For years now, scientists have known that US and Canadian residents have elevated levels of PBDEs—a flame retardant known to impair development in lab animals—in their bodies, compared with European and Asian counterparts. (See, for example, our own study of PBDEs in northwesterners.)

The problem is that nobody’s been sure of how the compounds get into us. Some speculated that food was the main exposure route—and pointed to studies that found the compounds in common foods taken from grocery store shelves. Others suspected that housedust was the real culprit—and that people were inhaling dust containing traces of PBDEs that had been sloughed off from degrading furniture foams or other consumer items.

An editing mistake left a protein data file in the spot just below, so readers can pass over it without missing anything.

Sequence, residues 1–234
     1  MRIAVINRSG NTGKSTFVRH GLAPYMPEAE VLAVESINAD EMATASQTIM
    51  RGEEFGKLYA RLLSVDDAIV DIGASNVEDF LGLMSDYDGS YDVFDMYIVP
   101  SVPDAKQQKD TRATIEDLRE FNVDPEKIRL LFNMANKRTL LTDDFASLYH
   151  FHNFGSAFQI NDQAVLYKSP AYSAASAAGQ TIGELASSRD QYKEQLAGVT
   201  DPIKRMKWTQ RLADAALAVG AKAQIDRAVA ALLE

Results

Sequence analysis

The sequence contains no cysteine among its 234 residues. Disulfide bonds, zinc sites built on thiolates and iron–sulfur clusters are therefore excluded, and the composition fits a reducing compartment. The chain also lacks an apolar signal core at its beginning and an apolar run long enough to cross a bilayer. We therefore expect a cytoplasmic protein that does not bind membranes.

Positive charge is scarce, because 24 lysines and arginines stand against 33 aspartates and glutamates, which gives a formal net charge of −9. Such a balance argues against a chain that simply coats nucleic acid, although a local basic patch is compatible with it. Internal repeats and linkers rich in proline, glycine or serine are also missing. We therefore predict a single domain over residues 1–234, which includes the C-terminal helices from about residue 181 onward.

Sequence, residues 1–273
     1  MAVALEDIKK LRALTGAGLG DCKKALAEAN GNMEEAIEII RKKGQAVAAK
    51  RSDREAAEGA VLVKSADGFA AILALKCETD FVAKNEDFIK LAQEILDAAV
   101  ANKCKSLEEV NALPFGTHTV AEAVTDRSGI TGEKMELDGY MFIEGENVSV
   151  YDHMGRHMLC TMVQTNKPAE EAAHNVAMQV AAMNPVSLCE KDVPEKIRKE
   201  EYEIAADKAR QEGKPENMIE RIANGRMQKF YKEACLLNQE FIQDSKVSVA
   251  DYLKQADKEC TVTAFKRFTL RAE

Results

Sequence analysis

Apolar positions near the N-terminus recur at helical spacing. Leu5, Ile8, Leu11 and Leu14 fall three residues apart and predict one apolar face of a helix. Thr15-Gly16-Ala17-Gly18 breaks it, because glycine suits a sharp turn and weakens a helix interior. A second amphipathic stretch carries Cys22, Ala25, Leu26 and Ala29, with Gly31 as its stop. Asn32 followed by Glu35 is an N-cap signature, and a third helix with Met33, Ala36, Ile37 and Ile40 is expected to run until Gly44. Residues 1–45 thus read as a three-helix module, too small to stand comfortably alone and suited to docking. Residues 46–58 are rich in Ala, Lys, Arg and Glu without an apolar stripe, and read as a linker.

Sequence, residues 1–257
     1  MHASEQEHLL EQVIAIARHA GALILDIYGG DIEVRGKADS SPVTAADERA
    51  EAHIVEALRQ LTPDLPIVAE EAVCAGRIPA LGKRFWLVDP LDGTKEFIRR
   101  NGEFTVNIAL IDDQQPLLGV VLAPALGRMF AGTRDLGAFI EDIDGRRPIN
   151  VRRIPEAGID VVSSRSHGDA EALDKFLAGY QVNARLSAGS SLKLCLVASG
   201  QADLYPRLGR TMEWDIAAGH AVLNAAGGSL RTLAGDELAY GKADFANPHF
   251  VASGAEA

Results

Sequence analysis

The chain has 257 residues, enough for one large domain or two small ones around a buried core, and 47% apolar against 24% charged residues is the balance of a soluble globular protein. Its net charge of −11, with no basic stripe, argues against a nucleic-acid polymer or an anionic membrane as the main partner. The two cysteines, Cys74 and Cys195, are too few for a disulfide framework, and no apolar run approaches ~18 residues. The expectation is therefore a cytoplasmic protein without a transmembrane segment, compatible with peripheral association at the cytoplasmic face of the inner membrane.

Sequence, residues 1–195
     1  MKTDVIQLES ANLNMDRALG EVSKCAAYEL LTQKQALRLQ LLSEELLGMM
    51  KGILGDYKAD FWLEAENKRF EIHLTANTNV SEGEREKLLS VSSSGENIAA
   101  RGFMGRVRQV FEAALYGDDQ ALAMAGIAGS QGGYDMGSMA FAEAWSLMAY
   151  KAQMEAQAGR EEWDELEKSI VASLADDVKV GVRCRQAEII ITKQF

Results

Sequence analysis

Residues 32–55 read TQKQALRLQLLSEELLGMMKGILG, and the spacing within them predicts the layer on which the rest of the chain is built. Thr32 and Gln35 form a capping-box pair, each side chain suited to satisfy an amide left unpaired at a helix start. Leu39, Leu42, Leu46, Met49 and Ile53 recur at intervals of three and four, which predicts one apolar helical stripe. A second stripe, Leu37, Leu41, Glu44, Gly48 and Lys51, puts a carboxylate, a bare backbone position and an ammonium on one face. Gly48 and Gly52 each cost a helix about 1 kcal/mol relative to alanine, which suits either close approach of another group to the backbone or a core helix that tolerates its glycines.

Now, one research team claims to have an answer to the food v. dust controversy. Their conclusion: most of the PBDEs in people’s bodies comes from house dust.

As far as I can tell, this is based on a computer model; but the model is based on actual measurements of PBDEs both in foods and house dust.

Still, it’s probably too soon to call this definitive. But to me, it certainly suggests that—in addition to banning the compounds outright—there ought to be more efforts directed at getting PBDE-laden products out of people’s homes.